That is not to say that Behind Locked Doors has nothing of value going for it just because its director was not one known for demonstrating much panache or idiosyncratic touches. Upon closer inspection, the film may even be described as bold in some respects, its plaguing issues mainly being that it never stops to take some of its potentially fascinating ingredients more seriously, preferring to utilize them more as plot points than for any satisfying thematic resonance. In essence, the movie has its protagonist spend most of the running time in a location the general public would rather keep out of sight and mind: an establishment for the mentally challenged. Mental handicap is, till this very day, a topic that easily crawls under people’s skin, something ordinary individuals do not understand, and because of that, find the issue uncomfortable. This movie throws the main character and the audience into the thick of it. Even in the early 21st century people still struggle to grapple with the illness, leading one to believe that its impact on audiences in 1948 was probably even greater.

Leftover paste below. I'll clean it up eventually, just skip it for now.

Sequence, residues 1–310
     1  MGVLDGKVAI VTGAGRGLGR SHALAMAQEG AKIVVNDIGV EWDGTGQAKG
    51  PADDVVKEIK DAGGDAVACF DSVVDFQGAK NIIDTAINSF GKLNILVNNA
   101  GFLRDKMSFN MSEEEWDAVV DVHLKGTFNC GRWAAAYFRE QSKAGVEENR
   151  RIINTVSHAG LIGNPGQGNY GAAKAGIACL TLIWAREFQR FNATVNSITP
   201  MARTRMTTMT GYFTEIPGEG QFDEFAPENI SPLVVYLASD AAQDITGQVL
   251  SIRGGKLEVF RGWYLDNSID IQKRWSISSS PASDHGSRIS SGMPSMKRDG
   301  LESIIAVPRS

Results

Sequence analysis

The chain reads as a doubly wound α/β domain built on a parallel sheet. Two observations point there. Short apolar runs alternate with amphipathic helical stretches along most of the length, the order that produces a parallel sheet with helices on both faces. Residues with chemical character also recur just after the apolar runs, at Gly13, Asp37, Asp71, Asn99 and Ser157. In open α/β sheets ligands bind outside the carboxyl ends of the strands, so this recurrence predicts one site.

For making the decision to set the film’s story within such confines, the director and his screenwriting duo of Eugene Ling and Malvin Wald should be applauded. The problem, so to speak, is that they fail to do much of any consequence with the setting. Truth be told, the movie could have been set in a prison and it would have amounted to pretty much the same end product. Were the filmmakers unwilling to delve deeper into the topic due to fear that the public would shun their film out of ignorance? Did they themselves demonstrate ignorance in believing that they were being accurate in their patently safe and simplistic depictions? The floor is open to debate, but is difficult not to wonder, at least a little bit, what the movie could have been and more time been taken in establishing who some of the inmates are. There are some potentially interesting characters, yet the film is so dead set on solving its mystery, a mystery to which the answers are not at all difficult to guess, that said side characters end up being little more than decorative instruments that occasionally erupt in fits of lunacy.